It’s not just Dan Gilbert’s Bedrock that wants to buy big downtown buildings. A top-notch skyscraper on West Jefferson near Cobo Center was just bought by a national developer headquartered in Southfield. The empty Free Press building is under contract by a group led by a local entrepreneur. The neo-gothic Buhl Building is believed to be under contract by an out-of-state firm.

The three structures are among the dwindling number of big buildings currently for sale in Detroit’s central business district — “big” as in at least 100,000 square feet of space. If the trio of sales go through, it leaves only three other big downtown buildings on the market. In fact, the total number of downtown buildings of any size on the market is a dozen, according to CoStar Group Inc., a national commercial real estate database.

That is a dramatic turnaround, and the low number can be attributed to the arrival of billionaire Dan Gilbert in 2010. That’s when Gilbert, founder of Quicken Loans Inc., moved the online mortgage firm downtown from Livonia. Since then, Gilbert’s Bedrock has gone on an uninterrupted shopping spree of downtown real estate, accumulating more than 90 properties, the vast majority in the central business district.

“Before Dan arrived, you had a whole lot of choice downtown, there were a lot of assets for sale,” said Howard Schwartz, who owns Howard Schwartz Commercial Real Estate in Farmington Hills.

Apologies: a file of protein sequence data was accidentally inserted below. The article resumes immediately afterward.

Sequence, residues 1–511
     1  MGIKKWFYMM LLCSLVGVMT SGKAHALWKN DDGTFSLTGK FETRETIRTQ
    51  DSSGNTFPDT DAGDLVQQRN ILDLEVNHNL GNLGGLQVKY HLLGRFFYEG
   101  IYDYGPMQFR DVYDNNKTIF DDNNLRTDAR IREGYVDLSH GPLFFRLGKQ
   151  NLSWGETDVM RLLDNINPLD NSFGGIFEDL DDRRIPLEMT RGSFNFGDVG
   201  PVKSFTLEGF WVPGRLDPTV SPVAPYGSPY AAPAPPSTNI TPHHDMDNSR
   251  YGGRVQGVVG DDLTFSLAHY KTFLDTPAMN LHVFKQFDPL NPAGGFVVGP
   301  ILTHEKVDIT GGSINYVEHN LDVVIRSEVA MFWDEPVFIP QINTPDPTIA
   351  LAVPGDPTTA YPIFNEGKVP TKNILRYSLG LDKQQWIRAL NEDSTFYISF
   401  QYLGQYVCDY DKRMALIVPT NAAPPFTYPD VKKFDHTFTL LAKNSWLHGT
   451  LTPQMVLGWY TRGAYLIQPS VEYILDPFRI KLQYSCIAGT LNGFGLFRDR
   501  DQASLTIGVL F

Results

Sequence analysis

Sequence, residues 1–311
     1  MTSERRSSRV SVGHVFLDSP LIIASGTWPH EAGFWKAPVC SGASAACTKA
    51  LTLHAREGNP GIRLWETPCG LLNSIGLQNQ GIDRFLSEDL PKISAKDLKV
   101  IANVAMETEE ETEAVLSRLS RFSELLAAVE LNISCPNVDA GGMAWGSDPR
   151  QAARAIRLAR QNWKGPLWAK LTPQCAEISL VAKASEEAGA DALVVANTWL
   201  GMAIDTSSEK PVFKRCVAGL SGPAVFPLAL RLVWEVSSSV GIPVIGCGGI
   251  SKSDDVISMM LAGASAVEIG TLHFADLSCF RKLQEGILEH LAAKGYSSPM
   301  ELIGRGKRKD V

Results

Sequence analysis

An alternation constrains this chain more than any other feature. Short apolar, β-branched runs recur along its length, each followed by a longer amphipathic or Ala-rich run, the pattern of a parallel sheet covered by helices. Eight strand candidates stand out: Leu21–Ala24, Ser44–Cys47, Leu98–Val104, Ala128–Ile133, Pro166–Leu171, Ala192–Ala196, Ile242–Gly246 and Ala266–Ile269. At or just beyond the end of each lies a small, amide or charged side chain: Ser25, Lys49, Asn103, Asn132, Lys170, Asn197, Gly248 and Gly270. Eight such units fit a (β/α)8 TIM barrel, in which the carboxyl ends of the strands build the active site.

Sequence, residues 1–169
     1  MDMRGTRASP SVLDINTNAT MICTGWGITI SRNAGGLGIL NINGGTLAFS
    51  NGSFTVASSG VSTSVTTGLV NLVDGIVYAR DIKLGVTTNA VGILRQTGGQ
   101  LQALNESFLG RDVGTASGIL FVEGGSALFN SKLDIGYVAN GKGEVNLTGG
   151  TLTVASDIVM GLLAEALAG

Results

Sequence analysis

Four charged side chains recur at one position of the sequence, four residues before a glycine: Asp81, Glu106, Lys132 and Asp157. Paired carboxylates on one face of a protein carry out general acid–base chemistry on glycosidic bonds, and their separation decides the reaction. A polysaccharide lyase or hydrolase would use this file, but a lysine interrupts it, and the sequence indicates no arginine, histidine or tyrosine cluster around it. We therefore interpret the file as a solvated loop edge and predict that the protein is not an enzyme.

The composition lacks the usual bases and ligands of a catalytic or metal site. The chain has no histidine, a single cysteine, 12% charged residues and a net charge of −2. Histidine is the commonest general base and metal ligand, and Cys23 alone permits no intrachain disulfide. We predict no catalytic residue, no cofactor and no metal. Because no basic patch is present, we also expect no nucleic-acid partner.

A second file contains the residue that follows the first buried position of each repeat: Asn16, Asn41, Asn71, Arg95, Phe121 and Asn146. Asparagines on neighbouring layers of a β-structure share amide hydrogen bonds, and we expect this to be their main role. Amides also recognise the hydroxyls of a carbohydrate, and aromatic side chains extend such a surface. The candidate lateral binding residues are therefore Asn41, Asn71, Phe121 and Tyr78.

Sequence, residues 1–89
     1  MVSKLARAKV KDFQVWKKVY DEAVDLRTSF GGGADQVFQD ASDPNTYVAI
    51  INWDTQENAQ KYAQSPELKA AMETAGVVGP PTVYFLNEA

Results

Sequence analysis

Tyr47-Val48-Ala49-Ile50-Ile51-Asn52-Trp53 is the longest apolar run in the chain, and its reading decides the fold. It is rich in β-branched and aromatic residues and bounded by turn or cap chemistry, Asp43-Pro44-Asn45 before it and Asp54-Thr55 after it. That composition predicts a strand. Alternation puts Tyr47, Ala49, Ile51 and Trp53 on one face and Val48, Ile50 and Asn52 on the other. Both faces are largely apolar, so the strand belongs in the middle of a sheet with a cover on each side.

“Now, there is a modest amount of inventory downtown, and it’s getting more finite. It’s an incredible accomplishment,’’ the veteran of Metro Detroit development said. “But there’s always been more than one major player in the downtown property scene, and the latest sale and potential sales proves that.”

The sale that is now official is the purchase of 150 W. Jefferson, a 25-story “Class A” structure just west of Cobo Center. The building’s main tenant is the law firm Miller Canfield. Southfield-based Redico purchased it for an undisclosed price. In 2003, the building sold for $93.8 million, according to public records.

A Redico spokeswoman said the company wouldn’t comment on the sale until Wednesday. Redico is a national real estate development, construction and property management firm. In 2006, Redico built One Kennedy Square, a mixed-use commercial building at Campus Martius.

Beyond downtown, Redico was also behind the Gateway Marketplace at Eight Mile and Woodward. That retail project attracted the first Meijer store to Detroit.

The other two downtown deals — for the former Free Press and the Buhl Building — have not been sealed, according to several sources familiar with the potential sales.

Earlier this year, the Shanghai-based owners of the Free Press building accepted an offer to sell for an undisclosed price. The former newspaper building at 321 W. Lafayette is “under contract,” according to CoStar. “Under contract” means the owners have agreed to sell, but the contract has not been finalized. The historic structure has been vacant since 1998. The potential buyer is a Metro Detroit-based entrepreneur who has the backing of several other investors, according to sources familiar with the discussions.

In an earlier interview with The Detroit News, Bedrock co-founder and CEO James Ketai said the Buhl Building, at 535 Griswold, was under contract to be sold and that Bedrock was not involved.

The Buhl is on the southwest corner of Griswold and Congress, near the Penobscot and Guardian buildings. The Buhl’s main tenant is SMART, the suburban bus system. It has a total of 89 tenants, according to CoStar.

The 27-story building, and an adjacent 652-space parking garage, is currently owned by an entity linked to Heico Co. in Chicago. The owners had no comment. In 1998, the owners bought the Buhl and the parking garage for $34.5 million, according to public records.


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